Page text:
Brian Ward lost his job on a Friday afternoon. Eleven days later he had a new one. With nearly 1 in 10 people out of work and the typical job search lasting 12 weeks, how did the Cleveland-based software architect pull it off? In a phrase: online social networking.
Welcome to the new rules of the job hunt. Gone are the days of simply posting your résumé on CareerBuilder, e-mailing former colleagues and trolling company websites for open slots. These days, if you're serious about being hired, you really put your computer and PDA to work. That means getting word out on social sites like Facebook and MySpace, sending instant job-search updates via messaging feeds like Twitter, and meeting new people who might be able to lend a hand through Web-networking outfits like LinkedIn and Ryze. (See 10 ways Twitter will change American business.)
Why? Because for all our technology, the best way to land a job is still by having someone who already works at a company mention your name. Each year, the staffing consultancy CareerXroads surveys large firms about where they find new hires, and since at least 2005 the top spot has held steady: some 27% come from referrals. (Job boards, by comparison, have fed firms a consistent 12% of new hires; the rest come from recruiters, company websites, etc.) The difference today is that a lot more of those recommendations start with connections made through online networks. A recent report by market researcher Nielsen found that people now spend more time using social networking sites than they do personal e-mail. (Read "Your Facebook Relationship Status: It's Complicated.")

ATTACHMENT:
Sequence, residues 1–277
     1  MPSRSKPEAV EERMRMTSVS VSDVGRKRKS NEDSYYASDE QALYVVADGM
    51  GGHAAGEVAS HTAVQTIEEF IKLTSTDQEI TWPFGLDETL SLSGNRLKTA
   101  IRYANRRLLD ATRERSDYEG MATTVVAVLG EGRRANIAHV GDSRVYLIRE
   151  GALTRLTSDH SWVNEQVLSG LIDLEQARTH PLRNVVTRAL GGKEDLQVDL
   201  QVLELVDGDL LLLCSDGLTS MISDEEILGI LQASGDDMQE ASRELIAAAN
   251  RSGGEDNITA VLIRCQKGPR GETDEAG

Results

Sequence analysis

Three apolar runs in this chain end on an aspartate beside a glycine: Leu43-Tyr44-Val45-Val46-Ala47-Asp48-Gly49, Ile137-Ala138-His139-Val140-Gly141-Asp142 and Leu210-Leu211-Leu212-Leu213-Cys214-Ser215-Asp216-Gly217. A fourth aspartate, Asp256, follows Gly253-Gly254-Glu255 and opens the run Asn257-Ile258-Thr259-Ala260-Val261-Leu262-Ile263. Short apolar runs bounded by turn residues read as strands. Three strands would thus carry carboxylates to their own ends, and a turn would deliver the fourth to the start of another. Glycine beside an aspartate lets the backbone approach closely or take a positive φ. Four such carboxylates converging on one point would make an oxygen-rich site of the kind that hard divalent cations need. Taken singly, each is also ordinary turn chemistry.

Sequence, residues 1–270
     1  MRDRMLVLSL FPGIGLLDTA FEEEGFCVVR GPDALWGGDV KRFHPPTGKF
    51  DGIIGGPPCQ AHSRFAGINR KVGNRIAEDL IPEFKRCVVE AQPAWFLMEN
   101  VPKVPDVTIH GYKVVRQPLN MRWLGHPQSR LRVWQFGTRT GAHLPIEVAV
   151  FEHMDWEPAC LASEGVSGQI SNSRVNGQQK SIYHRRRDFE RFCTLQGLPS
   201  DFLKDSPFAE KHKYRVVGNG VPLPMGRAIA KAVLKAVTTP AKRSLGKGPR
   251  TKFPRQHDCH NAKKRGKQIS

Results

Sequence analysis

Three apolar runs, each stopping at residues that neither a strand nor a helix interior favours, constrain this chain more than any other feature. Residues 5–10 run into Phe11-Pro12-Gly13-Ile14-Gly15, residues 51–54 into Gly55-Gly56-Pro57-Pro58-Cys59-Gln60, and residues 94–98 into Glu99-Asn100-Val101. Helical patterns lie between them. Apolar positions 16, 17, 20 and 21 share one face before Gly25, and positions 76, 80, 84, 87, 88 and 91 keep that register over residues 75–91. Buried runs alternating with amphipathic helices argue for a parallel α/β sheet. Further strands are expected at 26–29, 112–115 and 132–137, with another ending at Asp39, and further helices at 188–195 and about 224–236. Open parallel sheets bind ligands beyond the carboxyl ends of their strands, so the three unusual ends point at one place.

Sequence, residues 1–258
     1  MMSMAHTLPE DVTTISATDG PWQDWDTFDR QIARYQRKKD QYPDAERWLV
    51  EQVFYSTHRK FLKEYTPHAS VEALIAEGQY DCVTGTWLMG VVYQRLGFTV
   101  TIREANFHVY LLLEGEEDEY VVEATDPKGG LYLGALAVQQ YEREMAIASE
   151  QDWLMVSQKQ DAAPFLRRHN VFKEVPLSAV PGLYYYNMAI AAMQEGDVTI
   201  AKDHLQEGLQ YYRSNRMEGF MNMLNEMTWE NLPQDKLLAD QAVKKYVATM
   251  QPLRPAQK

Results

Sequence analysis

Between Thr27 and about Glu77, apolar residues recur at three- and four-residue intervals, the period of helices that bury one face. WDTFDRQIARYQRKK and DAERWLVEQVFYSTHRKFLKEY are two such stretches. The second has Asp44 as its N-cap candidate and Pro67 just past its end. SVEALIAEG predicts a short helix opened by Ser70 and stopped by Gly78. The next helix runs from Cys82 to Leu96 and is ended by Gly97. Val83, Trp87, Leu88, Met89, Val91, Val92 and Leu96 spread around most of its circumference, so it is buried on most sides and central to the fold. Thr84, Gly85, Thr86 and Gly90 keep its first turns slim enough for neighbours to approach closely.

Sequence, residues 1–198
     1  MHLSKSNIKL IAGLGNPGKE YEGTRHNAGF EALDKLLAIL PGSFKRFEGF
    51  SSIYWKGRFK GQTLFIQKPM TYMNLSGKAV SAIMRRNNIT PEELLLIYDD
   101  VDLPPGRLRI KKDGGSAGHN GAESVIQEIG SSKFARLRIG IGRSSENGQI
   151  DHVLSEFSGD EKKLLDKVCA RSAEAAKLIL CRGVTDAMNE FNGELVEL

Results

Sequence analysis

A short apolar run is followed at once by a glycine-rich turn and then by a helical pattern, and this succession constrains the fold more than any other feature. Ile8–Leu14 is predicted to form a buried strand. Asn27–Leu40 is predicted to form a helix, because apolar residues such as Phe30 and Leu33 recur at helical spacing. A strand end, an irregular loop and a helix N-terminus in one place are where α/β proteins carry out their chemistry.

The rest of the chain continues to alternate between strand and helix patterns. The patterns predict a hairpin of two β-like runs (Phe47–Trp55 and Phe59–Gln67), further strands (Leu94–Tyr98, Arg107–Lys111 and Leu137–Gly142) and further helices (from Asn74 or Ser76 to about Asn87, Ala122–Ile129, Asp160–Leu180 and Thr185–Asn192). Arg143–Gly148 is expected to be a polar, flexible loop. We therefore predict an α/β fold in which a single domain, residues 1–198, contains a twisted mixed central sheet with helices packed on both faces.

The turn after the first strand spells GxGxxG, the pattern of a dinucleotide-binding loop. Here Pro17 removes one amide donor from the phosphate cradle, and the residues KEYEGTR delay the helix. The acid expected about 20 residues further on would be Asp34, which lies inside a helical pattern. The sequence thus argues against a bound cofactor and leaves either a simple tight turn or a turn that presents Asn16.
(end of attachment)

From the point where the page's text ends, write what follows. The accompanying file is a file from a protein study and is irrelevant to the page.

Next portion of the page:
That doesn't mean the classic strategies have all been tossed out the window. Persistence, self-branding, professional presentation the things a career coach would have steered you toward two decades ago are still necessary. Social networks alone won't get you a new gig. But as Brian Ward's 11-day job search makes clear, they can go a long way to help. Here's how to do it:
As the sole breadwinner for his wife and three kids, Ward knew that he had to get a new job quickly. He found himself unemployed at 5 in the afternoon; by 8 that night, he'd called four people he knew in Ohio who did the same sort of computer work he did, as well as his college buddy Lyell, down in North Carolina. "I'd been using Twitter and Facebook and LinkedIn, but in a very passive, extracurricular way," says Ward. "I knew Lyell was big into the Twitter scene. He immediately began blasting information out to contacts he had, sending them back my way." Over the weekend, Ward updated all of his online profiles. He uploaded a fresh résumé to LinkedIn, the professionals' networking site, and sent out a message to all 200 of his Facebook friends, letting them know he was looking for work. (See TIME's cover story on how Twitter will change the way we live.)
One of them, a pal from high school, wrote back Sunday night. He now worked for a tech company in Louisiana, and asked if Ward would be interested in being put in touch with the Web-development group. Ward eagerly agreed and had a phone interview the next day. "Here I was four hours into being unemployed and I already had a phone interview," he recalls. "I was like, Wow, this is going to be impressive."